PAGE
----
Monday, October 29, 2018

Our Not So Hallowed Halloween

Pumpkins and pirates. Costumes and candy. Cartoon characters and trick-or-treaters. These comprise some of the fun, harmless elements of the annual observance we call Halloween. What’s not to like about little girls being able to dress up to look like Elsa of “Frozen” or Ariel the Little Mermaid, or little boys trying to emulate favorite superheroes or a Minion?

Unfortunately, Halloween often conjures up darker elements as well: Witches, zombies, vampires, Freddy Krueger and Michael Myers types, myriad manifestations of the occult. So when “H” day arrives we have two very different presentations. How to respond? Do we ignore the negatives and focus on the positives? Do we avoid such activities altogether? Or do we choose somewhere in between?

It comes down to a matter of personal conviction, but the former scenario doesn’t seem much different from adult costume parties or masquerades. People of all ages enjoy donning silly attire and wearing masks. And the “loot” collected gives kids and grownups alike a chance to satisfy sweet-tooth cravings.

My only reservation about Halloween is the focus on death and evil, which seems to have intensified with the passage of years. I still remember years ago when I asked the pastor of the church we were attending about my hobby at the time, which was reading horror novels. Rather than lecturing me about how wrong it was to do that, he just offered an insightful question: “When you read those books, are they drawing you toward God – or are they directing you away from Him?”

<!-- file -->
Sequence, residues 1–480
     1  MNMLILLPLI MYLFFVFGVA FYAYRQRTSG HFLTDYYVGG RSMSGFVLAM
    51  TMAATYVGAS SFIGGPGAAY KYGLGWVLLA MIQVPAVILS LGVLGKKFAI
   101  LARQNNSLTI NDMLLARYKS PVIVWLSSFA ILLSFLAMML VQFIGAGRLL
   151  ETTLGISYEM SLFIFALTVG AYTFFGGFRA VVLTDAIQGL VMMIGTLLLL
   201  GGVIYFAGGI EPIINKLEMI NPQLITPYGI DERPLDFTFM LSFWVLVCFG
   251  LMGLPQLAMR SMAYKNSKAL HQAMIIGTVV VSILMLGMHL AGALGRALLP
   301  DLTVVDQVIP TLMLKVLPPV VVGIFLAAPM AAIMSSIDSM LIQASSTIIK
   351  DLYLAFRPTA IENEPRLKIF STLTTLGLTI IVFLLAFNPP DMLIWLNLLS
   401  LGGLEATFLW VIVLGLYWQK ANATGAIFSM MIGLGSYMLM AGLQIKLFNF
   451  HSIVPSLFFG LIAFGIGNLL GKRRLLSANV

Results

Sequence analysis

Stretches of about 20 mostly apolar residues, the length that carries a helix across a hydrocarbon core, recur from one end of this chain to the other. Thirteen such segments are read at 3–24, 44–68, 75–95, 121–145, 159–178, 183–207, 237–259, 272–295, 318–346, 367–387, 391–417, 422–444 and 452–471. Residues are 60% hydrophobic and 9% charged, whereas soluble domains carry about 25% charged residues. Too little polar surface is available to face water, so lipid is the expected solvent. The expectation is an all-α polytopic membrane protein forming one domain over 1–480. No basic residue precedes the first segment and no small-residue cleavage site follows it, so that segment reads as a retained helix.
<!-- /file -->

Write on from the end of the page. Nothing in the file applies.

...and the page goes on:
I immediately got his point and chose to stop reading such fiction. There’s already enough in the world around us that seeks to seduce us away from godly thinking and reverence for the Lord. I didn’t need to subject myself to other influences that could do much the same.

While the Bible says nothing specifically about Halloween in any of its forms, it does give guidelines to help us determine how we should observe it, if at all. In 1 Thessalonians 5:21-22 we’re instructed to “examine everything carefully; hold fast to that which is good; abstain from every form of evil.” Whether choosing a costume that represents the Hollywood ghoul du jour is evil or not can be a subjective judgment. But Philippians 4:8 takes another approach, a perspective that encourages us to intentionally accentuate the positive:
Finally, brethren, whatever is true, whatever is honorable, whatever is right, whatever is pure, whatever is lovely, whatever is of good repute, if there is any excellence and if anything worthy of praise, dwell on these things” (Philippians 4:8).

If our approach to Halloween – or any holiday or celebration for that matter – meets that criteria, we can proceed in good conscience. Because we’ll fulfilling the biblical admonitions to “set your minds on things above” (Colossians 3:2) and to “seek first his kingdom and his righteousness” (Matthew 6:33).

Thursday, October 25, 2018

It Takes Two to Argue